Dates

Texts and Annotations from 1977 to 2021

Themes

Companion Text Contact zones Cultivated land Domesticity Feminism Gender Shared space Travel Ways of feeling Writing

Publication Types

Autobiography Book Fiction Novel

Authors
Chimamanda Ngozi Adichie
Deborah Levy
Elif Shafak
Nan Shepherd
Paul B. Preciado
Virginie Despentes

Selected Bibliography

Glossator

Published on 6 January 2023 by
Women Writing Architecture
womenwritingarchitecture.org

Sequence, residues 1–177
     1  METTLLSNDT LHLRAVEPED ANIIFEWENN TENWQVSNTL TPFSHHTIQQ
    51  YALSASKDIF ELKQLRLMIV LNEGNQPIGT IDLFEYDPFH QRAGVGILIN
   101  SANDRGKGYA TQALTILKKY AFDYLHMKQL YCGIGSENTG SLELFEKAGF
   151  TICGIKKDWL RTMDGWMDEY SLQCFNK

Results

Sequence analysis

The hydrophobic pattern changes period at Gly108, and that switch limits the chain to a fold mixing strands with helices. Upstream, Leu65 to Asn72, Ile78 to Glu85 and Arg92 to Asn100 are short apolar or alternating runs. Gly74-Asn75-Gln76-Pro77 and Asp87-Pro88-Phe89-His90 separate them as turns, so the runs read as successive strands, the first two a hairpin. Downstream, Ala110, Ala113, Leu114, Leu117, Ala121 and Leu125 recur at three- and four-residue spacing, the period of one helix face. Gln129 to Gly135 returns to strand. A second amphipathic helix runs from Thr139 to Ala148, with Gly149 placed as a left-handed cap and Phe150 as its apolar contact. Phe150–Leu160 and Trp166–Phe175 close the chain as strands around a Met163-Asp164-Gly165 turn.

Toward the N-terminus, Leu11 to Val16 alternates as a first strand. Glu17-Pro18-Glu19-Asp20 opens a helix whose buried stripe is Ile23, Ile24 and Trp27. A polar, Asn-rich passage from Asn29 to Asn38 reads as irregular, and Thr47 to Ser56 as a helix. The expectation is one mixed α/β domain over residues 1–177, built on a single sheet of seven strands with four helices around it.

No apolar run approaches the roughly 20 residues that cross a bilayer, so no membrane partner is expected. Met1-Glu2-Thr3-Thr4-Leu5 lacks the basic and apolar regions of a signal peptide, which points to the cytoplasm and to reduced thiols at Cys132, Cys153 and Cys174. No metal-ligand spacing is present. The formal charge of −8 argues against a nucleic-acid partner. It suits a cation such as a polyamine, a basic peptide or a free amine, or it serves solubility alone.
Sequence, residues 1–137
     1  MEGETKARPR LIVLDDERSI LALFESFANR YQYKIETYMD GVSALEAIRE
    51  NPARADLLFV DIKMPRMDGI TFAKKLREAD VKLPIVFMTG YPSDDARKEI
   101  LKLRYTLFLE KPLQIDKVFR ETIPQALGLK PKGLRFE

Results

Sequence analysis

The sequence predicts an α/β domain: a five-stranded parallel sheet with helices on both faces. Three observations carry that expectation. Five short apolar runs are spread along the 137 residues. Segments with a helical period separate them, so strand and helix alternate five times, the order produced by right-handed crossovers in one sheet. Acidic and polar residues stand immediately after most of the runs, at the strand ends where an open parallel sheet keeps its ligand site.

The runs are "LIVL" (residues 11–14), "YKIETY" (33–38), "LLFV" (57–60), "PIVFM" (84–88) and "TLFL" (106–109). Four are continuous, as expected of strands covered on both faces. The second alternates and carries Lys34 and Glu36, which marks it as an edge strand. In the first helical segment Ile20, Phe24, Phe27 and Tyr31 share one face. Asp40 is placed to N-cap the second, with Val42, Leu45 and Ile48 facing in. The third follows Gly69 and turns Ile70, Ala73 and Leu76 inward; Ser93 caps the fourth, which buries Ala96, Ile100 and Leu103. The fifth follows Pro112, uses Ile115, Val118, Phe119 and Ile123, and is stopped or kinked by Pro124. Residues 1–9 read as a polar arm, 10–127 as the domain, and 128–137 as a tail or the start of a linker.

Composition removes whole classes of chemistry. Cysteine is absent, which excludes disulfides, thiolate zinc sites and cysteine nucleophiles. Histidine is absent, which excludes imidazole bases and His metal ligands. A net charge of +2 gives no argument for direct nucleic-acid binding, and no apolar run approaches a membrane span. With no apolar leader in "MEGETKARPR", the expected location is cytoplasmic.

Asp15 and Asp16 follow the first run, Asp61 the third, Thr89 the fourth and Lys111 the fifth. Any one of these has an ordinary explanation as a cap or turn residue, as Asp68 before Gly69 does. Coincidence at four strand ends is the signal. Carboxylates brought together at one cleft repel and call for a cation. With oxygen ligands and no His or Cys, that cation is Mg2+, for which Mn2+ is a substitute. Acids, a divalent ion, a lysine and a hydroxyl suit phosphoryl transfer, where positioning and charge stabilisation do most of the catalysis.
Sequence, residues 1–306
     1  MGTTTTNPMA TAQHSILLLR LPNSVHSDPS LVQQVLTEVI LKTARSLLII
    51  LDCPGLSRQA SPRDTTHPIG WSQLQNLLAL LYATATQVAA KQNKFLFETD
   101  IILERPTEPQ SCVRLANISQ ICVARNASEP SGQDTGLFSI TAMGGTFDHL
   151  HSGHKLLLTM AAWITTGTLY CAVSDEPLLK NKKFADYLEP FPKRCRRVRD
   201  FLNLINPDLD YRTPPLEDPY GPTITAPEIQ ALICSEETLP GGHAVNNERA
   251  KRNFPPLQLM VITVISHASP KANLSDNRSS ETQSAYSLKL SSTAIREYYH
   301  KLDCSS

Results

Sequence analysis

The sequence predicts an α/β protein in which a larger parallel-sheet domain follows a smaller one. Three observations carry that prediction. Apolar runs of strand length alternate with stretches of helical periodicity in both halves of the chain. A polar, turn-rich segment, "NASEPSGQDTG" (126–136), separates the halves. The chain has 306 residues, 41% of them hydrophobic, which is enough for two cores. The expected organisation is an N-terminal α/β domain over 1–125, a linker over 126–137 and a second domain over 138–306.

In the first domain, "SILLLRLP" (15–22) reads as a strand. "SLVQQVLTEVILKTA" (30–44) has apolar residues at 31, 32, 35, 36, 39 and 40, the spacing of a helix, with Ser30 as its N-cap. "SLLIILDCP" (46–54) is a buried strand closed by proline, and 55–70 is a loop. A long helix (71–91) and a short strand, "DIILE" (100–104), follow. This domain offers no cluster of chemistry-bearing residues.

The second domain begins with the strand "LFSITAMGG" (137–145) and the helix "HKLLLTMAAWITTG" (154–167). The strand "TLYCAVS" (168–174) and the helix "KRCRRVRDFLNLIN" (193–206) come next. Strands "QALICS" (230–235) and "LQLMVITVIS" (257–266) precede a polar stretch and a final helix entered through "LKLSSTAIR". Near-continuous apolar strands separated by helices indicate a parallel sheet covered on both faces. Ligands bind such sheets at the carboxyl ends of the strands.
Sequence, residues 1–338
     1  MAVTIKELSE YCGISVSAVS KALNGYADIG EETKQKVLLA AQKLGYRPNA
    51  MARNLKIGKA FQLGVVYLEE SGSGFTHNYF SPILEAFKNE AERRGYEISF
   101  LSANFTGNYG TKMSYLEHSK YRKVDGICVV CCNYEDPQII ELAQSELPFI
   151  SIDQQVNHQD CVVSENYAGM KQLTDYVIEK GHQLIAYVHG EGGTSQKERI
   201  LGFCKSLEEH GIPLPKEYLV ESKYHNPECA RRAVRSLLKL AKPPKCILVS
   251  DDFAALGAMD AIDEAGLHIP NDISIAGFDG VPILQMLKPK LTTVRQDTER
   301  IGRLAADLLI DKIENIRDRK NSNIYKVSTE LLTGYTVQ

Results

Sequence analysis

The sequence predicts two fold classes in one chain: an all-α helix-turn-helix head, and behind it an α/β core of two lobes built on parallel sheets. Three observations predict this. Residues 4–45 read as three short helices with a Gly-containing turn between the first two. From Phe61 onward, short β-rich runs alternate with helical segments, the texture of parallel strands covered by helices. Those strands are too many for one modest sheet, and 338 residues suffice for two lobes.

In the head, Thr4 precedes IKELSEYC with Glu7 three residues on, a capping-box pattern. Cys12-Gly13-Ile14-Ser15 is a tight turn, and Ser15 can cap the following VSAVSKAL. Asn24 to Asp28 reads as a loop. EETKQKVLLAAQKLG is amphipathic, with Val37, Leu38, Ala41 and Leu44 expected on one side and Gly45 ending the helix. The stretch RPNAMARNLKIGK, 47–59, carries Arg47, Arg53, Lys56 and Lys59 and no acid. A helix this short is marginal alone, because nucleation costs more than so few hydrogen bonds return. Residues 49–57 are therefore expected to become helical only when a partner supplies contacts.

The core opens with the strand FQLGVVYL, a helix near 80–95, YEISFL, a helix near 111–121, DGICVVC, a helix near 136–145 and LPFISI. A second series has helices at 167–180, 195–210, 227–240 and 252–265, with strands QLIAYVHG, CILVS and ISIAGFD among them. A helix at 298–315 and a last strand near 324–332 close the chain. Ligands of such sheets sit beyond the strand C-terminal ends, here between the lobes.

[{"page_number":"2","note":"The book of the first encounter was chosen by Helen Thomas, a very meaningful book to her. Without being a mountain lover, all readers of The Living Mountain are inevitably seduced by Nan Shepherd's words.","endnote":false},{"page_number":"3","note":"Alicia beautifully describes the poetry and physical experience of the book, the emotional and spatial dimension of Nan's walk in the Cairngorm Mountains. The way Nan lives nature in a Gaia understanding of it explicitly echoes a contemporary discourse on architecture in our time of change and anthropocentric shift. \r\n\r\n\r\nThe discussion Helen refers to below involved the notion of custodianship, the idea that we do not own things but that we are the custodians of the future. We are responsible for our world now and for the future. We have the responsibility to care and make sure it can be perpetual and consistent. As did the many people working on the land, in the Cairngorms or high valleys in Switzerland organizing themselves together to maintain the landscape, what also represents national identity. The issue is very architectural. \r\n\r\n\r\nThe book speaks also about ways how one can understand a place of architecture, a site of architecture. It\u2019s not something that can be measured in terms of monetary value, or humanity value in the sense of a place for human, but a place that has more subtle qualities that are valuable. Nan Shepherd frames some ways of thinking: what is valuable? What is beautiful?","endnote":false},{"page_number":"4","note":"Nan Shepherd\u2019s figure is depicted on Scottish banknotes with the citation: \u201cIt\u2019s a grand thing, to get leave to live\u201d. She delivers a nice message of gratefulness, on how we can perceive the world each time in a different way, something we can do over and over again.\r\n\r\n\r\nReal Estate and The Island of Missing Trees were challenging choices of books for WWA. These are two very popular, mainstream biographic novels. \u2013What do these books have to do with architecture? Our discussions proved to be very fruitful. Both authors use polyphonic structures to describe places and characters. The writings are combined with sophisticated literary tricks, that blend into the texts, sometimes in an intriguing way, which actively speak about highly politicized subjects.\r\n\r\n\r\nThey touch on issues of transcultural identity, of many places where stories are intertwined in time. They directly confront historicity, the idea that there is one single linear History with a capital \"H\". They acknowledge many things happening in another understanding of time. (2) see endnotes on the last page.\r\n\r\n\r\n\r\nThese two books make a strong analogy with WWA, a space for multiplicity of voices, acting as an agent in mechanisms of change and the construction of knowledge.","endnote":false},{"page_number":"5","note":"We discussed how the detailed description of interiors of the Tavern in the book of Elif Shafak, emotionally charged describe a safe place. The place has architectural qualities that stand out from the icons of architectural history, able to dissolve entirely boundaries. \r\n\r\n\r\n\r\n\r\nDeborah Levy's narrative is regularly interrupted by citations from literature. She looks at places from the perspective of a writer, observing in different ways. Places are almost annoyingly detailly described, like theatrical stage sets, in a completely imaginary way and outside the reality of the world. In some ways, she brings us back to our own bourgeoisie. \r\n\r\n\r\n\r\n\r\nTesto Junkie, eye opener! \u2013 we had a cross generational conversation about it. The book introduces an all-new way of thinking about gender. How gender is a constructed idea, fully artificial which can be recreated through chemical, and drugs. How we define ourselves in the physical world, our struggles through the prison of identity policies. How we should shape our identity being living bodies struggling to live on earth. We discussed how Paul Preciado writing are very much physical and visceral which reminded us of Hilary Mantel, who writes very much about the physical world, in order to care across theoretical thinking.","endnote":false},{"page_number":"6","note":"Laura Evans together with Nana Biamah-Ofosu were invited to the 5th A-B-I-L session. Laura came to choose this book directly through architecture, how she describes it in the annotation. They used the book in a very direct and instrumental way to develop a project. How do you make an architecture which reflects a very strict patriarchal, high- hierarchal catholic in a post- colonial situation. How do you make the opposite of that? \r\n\r\n\r\n\r\n\r\nHow the architecture explains these social theses, the social organisation of things? \r\n\r\n\r\n\r\n\r\nWe discussed the reading of \r\narchitecture through the lens of the complex characters playing in Adichie\u2019s novel: the different figures representing the complexity of human conditions. Using the book as an instrument was a fruitful exercise to stretch the ability of architecture to establish order and power as well as to understand what role architecture has played in post-colonialism. Fiction is a place which gives tools to question what architecture practice don\u2019t necessary defy.","endnote":false},{"page_number":"7","note":"Achille makes a very conscious reference to Chinua Achebe The African Trilogy: Things Fall Apart No Longer at Ease Arrow of God. Starting the book with the description of things falling part, situates the writing in the long tradition of African history reminding us that independence celebrations couldn\u2019t come from Architecture: they came from fiction.","endnote":false},{"page_number":"9","note":"King Kong Theorie has been chosen as the subject of our next A-B-I-L session...","endnote":false},{"page_number":"15","note":"________________________________________ \r\n\r\n\r\n 1. A-B-I-L resonates very much to me with a conversation I had with Soline Nivet, architect of studies and critic of built environments. She evoked the question of what women do to thought? \u2013Que font les femmes a\u0300 la pense\u0301e?\u2013 out of the Pamphlet \"Philosophy or the art of nailing the beak to women\u201d written by Frederic Page\u0300s, and his friends of the association of the friends of Jean Baptiste Botul, a fictitious philosopher. The text proposes another version of the history of women and philosophy: the idea that women are not interested in thinking by weaving concepts in chains and speaking as a polemic moments. \r\n\r\n\r\n 2. A Pale View of Hills, first book of Kazuo Ishiguro was mentioned as another example of a double narration of double time. The story of a housewife remembering her experience living in UK\u2013 and Elif Shafak was certainly refering the novel of Orhan Pamuk My Name Is Red about the culture differences in Venise and Constantinople, the ways of producing art and what beauty meant. \r\n\r\n\r\n *Glossator These user-created, bespoke bibliographies are designed on womenwritingarchitecture.org to be useful for personal research and for sharing with students, colleagues and friends. In addition to simply emailing your Personal Collection list to yourself or others, it can also be produced as a PDF.","endnote":true},{"page_number":"8","note":"","endnote":false}]